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Become a Better Leader by Showing People You Care

By: Gregory P. Smith

Greg Smith's cutting-edge keynotes, consulting, and training programs have helped businesses reduce turnover, increase sales, hire superior people, and deliver better customer service. As President and founder of Chart Your Course International, He has implemented professional development programs for thousands of organizations globally. Greg has authored eight informative books including Here Today, Here Tomorrow: Transforming Your Workforce from High Turnover to High Retention and 401 Proven Ways to Retain Your Best Employees. He lives in Atlanta, Georgia. For more information, visit www.ChartCourse.com or call (770) 860-9464.


One morning at the airport, I overheard a new employee talking about her new boss. “He’s a nice guy,” she said. “He makes me feel good about working here.”

Like many employees, this young woman is more influenced by her boss’s “soft” skills than his technical skills. His interpersonal skills were what mattered most: his ability to communicate, motivate, and show genuine concern. These soft skills are an important aspect of creating a high-retention workplace. When a manager lacks these skills, or actively cultivates their hard-edged opposite, workers who have choices will jump ship.

I experienced this myself when I went into the service right after college.  My boss was a special persona great boss. An experienced veteran and a former Special Forces medic in Vietnam, he was the type of person who always put the needs of others before his own.

One night I pulled duty that required me to stay up all night on New Year’s Eve.  The next morning, when I still had several more hours to go, the phone rang.  It was Joe, my boss. He and his wife had made something and he wanted to bring it over to me. While I don’t remember the menu, I’ve never forgotten the meal.

That one small act of kindness showed me he cared.  It taught me more about leadership than all the degrees and diplomas handing on my wall.  It confirmed the truth of the old military saying, “If you take care of your troops, your troops will take care of you.” It’s still true today. 

The older I get and the more I see reinforces that leadership styles change with the times, but caring for people holds constant. Caring for people can’t be faked.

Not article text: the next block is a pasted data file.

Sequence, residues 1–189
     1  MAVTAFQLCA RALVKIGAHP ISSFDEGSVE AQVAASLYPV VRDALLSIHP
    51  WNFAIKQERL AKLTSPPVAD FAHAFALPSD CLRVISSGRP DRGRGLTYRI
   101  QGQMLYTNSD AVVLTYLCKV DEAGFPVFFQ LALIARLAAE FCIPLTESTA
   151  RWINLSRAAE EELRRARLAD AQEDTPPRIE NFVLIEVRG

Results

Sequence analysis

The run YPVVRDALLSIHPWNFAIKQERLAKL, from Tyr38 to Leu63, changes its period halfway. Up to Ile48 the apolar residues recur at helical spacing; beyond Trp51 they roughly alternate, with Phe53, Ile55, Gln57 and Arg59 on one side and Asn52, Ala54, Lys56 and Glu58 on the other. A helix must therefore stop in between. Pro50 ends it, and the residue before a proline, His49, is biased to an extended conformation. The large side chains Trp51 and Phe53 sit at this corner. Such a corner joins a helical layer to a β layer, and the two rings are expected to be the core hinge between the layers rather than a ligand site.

On the other hand, no manager should be a pushover. A caring manager must also be respected. Soon after my boss treated me to a meal, he gave me the worst chewing out I’d ever had. It hurt more and made a deeper impression on me because of the respect I had for him. When you respect someone, you always value what he or she has to say.

Businesses that do a good job selecting, training, and developing their managers will enjoy higher productivity and lower turnover.  While it’s hard to measure the impact soft skills have on productivity, I strongly believe that an employee who feels good about working for a company or a boss will want to contribute much more than the minimum acceptable level.

In the years I have led people, I’ve never seen an “average” workeronly people who have the potential to become much better.  I think it was Gen. Ulysses S. Grant who said, “There are no bad soldiers, only bad leaders.”  Average workers usually have average managers as their leaders.  Exceptional workers have exceptional managers as their leaders. The only difference between the two groups is the quality of the leader.

I imagine that my first boss saw me as an “average” officer with a short attention span and as young, inexperienced, and scattered.  Fortunately for me, he took the time to train and develop me, even though it often frustrated him. He was a true leader. He knew that leadership of people is a transformation process, and with the right tools and a willing attitude, he could make the transformation happen.

© Copyright 2001 Gregory P. Smith

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